Farmers in New Zealand are about to set a record as the first to pay tax for livestock fart.
This follows plans by New Zealand to hand down a carbon tax to farmers in order to tackle one of the country’s biggest sources of greenhouse gasses: barnyard animals that fart and burp too much.
The price on agricultural emissions would make New Zealand the first country to make farmers pay for the gasses that their cows or sheep produce.
New Zealand is a huge agricultural exporter and it is home to five million people while having about 10 million cattle and 26 million sheep. This translates to a lot of burps and farts.
“There is no question that we need to cut the amount of methane we are putting into the atmosphere, and an effective emissions pricing system for agriculture will play a key part in how we achieve that,” New Zealand’s Climate Change Minister James Shaw said, as per Reuters.
Farmers can reduce the amount of burps and farts produced by their livestock by using feed additives.
Reports say proceeds from the new climate change plan will be directed into research, development, and advisory services to benefit the farmers that are forking out for the farts.
The ‘burp tax’ has generated controversy as some people say it is hilarious.
Following this plan to tax burps, the Tasman by Sky News host Chris Smith branded Australia’s closest neighbour a ‘laughing stock’.
“In order to achieve their 2050 net zero promise – no matter what the world faces in terms of economic crisis, or the inability to keep their lights on – New Zealand has decided, ‘Too bad, time to put a price on that smelly methane’,” he said as per news.com.au.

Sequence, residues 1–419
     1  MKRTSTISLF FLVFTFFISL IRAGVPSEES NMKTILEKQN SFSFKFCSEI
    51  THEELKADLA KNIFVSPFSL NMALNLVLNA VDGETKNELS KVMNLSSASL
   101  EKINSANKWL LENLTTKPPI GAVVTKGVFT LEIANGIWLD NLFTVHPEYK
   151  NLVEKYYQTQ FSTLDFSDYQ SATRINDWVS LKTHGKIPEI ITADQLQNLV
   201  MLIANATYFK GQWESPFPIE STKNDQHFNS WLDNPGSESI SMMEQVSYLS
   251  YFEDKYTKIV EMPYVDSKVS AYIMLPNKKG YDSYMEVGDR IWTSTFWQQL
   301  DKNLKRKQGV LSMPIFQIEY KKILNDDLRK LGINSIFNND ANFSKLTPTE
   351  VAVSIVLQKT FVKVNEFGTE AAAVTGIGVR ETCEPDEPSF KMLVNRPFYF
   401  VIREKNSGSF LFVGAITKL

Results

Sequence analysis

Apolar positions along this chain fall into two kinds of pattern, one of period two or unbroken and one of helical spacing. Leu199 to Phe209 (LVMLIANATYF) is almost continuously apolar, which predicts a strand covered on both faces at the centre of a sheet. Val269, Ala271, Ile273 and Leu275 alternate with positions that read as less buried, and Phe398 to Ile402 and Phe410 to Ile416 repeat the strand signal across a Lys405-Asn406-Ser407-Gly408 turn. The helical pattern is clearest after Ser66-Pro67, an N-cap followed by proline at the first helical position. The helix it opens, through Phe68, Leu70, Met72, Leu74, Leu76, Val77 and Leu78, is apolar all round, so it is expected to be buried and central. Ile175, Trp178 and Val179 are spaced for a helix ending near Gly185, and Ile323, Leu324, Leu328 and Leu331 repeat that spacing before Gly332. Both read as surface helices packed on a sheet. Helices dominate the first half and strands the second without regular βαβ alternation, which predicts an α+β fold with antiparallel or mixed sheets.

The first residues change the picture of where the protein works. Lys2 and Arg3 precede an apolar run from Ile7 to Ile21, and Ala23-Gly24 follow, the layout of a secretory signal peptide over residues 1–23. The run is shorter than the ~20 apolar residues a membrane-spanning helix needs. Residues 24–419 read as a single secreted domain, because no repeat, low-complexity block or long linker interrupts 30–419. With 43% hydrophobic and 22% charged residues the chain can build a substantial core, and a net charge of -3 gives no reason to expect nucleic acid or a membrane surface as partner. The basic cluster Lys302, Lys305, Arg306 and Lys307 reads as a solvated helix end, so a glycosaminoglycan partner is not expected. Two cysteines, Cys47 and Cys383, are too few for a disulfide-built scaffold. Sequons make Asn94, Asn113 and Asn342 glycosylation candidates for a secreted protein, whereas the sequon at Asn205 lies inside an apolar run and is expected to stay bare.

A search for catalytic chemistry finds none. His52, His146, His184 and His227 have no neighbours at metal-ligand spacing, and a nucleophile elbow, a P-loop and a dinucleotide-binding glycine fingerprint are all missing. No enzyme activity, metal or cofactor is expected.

He added: “Can you believe this stuff?”
It was gathered that cows and sheep fart is being taxed instead of other fart sources from horses, dogs, or people because cows and sheep have special, complex digestive systems with multi-chambered stomachs in order to digest their food.
What they eat ferments within their own body, according to the University of California’s Clarity and Leadership for Environmental Awareness and Research Centre.
But as that happens, they create methane as a byproduct – in other words, burps and farts.
Their fart is a type of greenhouse gas that traps heat in the atmosphere. It can be so intense that high-resolution satellites were once able to detect high methane emissions from a cattle lot in California, according to environmental data company GHGSat.
So, cow burps were essentially visible from space.
As for New Zealand’s proposal, it would be a major disruption to one of the nation’s biggest export markets.
A final decision on the scheme is expected in December 2022.